In Cinemax‘s Warrior, tensions have come to a head and characters are dealing with their choices, their circumstances, and much more. Based on the writings of Bruce Lee, Warrior has been giving audiences a blend of Westerns, drama, and Kung Fu cinema. Last episode was shaking, with Leary blowing up Penny’s factory – and unknowingly, the Hop Wei’s drug storage. Additionally, Chao (Hoon Lee)made the decision to side with the San Francisco police as they planned their revenge on the Fung Hai for their attack on Bill (Kieran Bew) and his family. Now, in Warrior Episode 5, “Not for a Drink, a F*ck, or a G**damn Prayer” the avenues have converged and the blood is flowing.
In Warrrior Episode 5, we get the chance to see multiple elements of season 2’s story come to fruition, dealing with the explosive moments from episode 4 and some of the more subtle pieces of the narrative that have been bubbling just under the surface. To the latter, we see Bill and Chao put their plot against the Fung Hai into action which is gutwrenching to watch. While the Fung Hai have been built up as villains to both the other Tongs and the police, there is something terrifying about watching the white San Francisco officers burst into their building and kill indiscriminately. While this would have been unsettling at any other time, this is almost unwatchable given today’s current situations. While the fight with the Fung Hai offers up some of Chao’s largest moments of the series thus far, including getting the chance to see him deal with violence in his own way, it is just an unsettling sequence overall.
Where the Fung Hai confrontation comes in like a wrecking ball, we are given two other moments in Warrior Episode 5 that details out more emotional elements of the series and does so without violence – which for once, I’m thankful. In this episode, we see a guilty Mai Ling (Dianne Doan) try to make things right with Ah Sahm (Andrew Koji). Siblings, Mai Ling seems to have a short term memory in her longing to reconnect with her brother. Ah Sahm on the other hand hasn’t forgotten that she gave the orders to have him killed, nearly immediately after he betrayed the Hop Wei to save her life. There is a distance between them that is palpable in how Doan and Koji act in the scene. At the same table, it feels like there is a cavern between the two of them.
Koji is able to radiate a stoic chill that you can feel through the screen and for the first time we get to really see beneath Doan’s mask of strength that she is forced to maintain while with the Long Zii. But the two also do a good job of showcasing their closeness, the bond they can’t separate from their familial relationship that is commented on by another character who mistakes them for lovers.
Finally, comes Ah Toy (Olivia Cheng) and her visit to Nellie’s Sonoma winery. What seemed like a work camp when Nellie first described it, Ah Toy finds out is a place of agency. Yes, Nellie seems like the white woman with a savior complex, but when we get to see the winery, we learn that there is a concerted effort to provide a pathway towards giving the Chinese women their economic freedom even when Nellie is gone. This is part of the equation that hits Ah Toy. While she cares for her girls, what will happen to them without her?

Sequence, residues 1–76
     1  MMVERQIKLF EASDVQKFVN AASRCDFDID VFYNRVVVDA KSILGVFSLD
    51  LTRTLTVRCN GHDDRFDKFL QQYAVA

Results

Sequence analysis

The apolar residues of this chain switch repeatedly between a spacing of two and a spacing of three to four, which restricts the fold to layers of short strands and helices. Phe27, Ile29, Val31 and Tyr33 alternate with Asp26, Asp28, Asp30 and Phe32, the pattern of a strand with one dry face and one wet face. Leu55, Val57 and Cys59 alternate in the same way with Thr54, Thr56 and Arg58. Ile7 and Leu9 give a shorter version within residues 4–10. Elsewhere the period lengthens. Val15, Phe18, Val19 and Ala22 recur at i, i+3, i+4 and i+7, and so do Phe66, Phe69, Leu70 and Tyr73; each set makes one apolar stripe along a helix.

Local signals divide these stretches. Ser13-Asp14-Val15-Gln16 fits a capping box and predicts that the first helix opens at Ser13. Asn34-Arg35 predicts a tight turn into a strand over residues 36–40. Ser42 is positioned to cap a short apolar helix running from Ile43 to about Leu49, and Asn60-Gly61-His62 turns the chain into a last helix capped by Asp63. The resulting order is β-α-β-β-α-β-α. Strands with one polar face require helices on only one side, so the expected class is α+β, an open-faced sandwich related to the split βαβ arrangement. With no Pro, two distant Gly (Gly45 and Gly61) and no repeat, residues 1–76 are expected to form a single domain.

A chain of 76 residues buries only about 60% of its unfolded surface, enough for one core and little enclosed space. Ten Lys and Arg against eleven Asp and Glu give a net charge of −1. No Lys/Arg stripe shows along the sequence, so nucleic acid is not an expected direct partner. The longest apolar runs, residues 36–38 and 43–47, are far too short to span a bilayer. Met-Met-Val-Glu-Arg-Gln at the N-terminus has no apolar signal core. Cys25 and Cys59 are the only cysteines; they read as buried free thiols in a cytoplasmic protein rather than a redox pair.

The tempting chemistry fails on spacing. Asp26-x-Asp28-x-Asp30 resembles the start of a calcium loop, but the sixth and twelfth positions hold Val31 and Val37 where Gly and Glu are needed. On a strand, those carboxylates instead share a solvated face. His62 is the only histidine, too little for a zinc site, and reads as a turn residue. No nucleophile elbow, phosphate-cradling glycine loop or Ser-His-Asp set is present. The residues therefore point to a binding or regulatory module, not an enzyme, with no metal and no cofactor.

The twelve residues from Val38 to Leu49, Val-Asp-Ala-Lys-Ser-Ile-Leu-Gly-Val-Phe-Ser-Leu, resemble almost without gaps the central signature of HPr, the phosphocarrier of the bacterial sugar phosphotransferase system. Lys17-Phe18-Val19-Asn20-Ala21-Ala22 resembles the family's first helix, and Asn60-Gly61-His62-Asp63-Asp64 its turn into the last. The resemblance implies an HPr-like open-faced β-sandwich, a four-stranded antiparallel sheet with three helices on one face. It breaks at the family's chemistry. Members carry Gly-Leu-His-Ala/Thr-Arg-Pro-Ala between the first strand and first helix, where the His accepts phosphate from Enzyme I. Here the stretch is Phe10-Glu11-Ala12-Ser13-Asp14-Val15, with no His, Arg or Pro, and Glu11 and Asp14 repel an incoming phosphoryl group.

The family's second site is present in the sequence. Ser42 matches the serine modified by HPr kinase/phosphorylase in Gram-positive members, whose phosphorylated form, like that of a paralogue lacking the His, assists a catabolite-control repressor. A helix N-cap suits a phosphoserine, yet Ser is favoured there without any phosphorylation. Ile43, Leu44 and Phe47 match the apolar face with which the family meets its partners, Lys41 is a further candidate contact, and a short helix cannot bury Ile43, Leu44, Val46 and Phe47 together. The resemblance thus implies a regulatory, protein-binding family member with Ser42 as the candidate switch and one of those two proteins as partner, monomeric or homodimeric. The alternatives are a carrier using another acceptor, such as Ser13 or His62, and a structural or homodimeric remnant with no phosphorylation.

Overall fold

Cheng’s ability to act without dialogue shines through in her conversation with Nellie. When Nellie points out that the women are taken care of with or without her, the camera comes in tight on Ah Toy’s face. You can see her heart drop. There is a sadness and a fear as much as a realization. As the series continues, it’s becoming even more clear that Ah Toy contains multitudes. She holds her own trauma. Her own hopes. And her own fear of the reality that awaits the women that she can’t offer help to – even if the help she offers is to give space for the women to sell their bodies and an option that is not as brutal as the other brothels.
Warrior is a series that I have admired for its large action sequences and callbacks to Western and King Fu cinema. It’s a series with some of the most physical moments of any series on television and features beautiful costuming to boot. But, for season 2, the series is thriving in its quiet moments. In the scenes where the actors push the story with their emotions and not their bodies. It’s a thrilling experience and one that leaves me wanting more.
Overall, Warrior Episode 5 is difficult to get through because of the Fung Hai confrontation, but it is also an episode that offers up emotional moments that showcase the impact of their choices. There is a lot more in store, that much is clear, but I hope we’re moving past the cops as a group central to the story – or at least when it comes to their violence.
New episodes of Warrior are available on Cinemax every Friday at 9pm CT.
Warrior Season 2 Episode 5 - "Not for a Drink, a F*ck, or a G**damn Prayer"
- Rating - 7.5/107.5/10
Warrior Episode 5 is difficult to get through because of the Fung Hai confrontation, but it is also an episode that offers up emotional moments that showcase the impact of their choices. There is a lot more in store, that much is clear, but I hope we’re moving past the cops as a group central to the story – or at least when it comes to their violence.
Kate is co-founder, EIC, and CCO of BWT. She’s also a Certified Rotten Tomatoes Critic, host, and creator of our flagship podcast, But Why Tho? and Did You Have To?. She also manages all PR relationships for comics, manga, film, TV, and anime. She has an MA in Cultural Anthropology and Religious Studies focusing on how pop culture impacts society.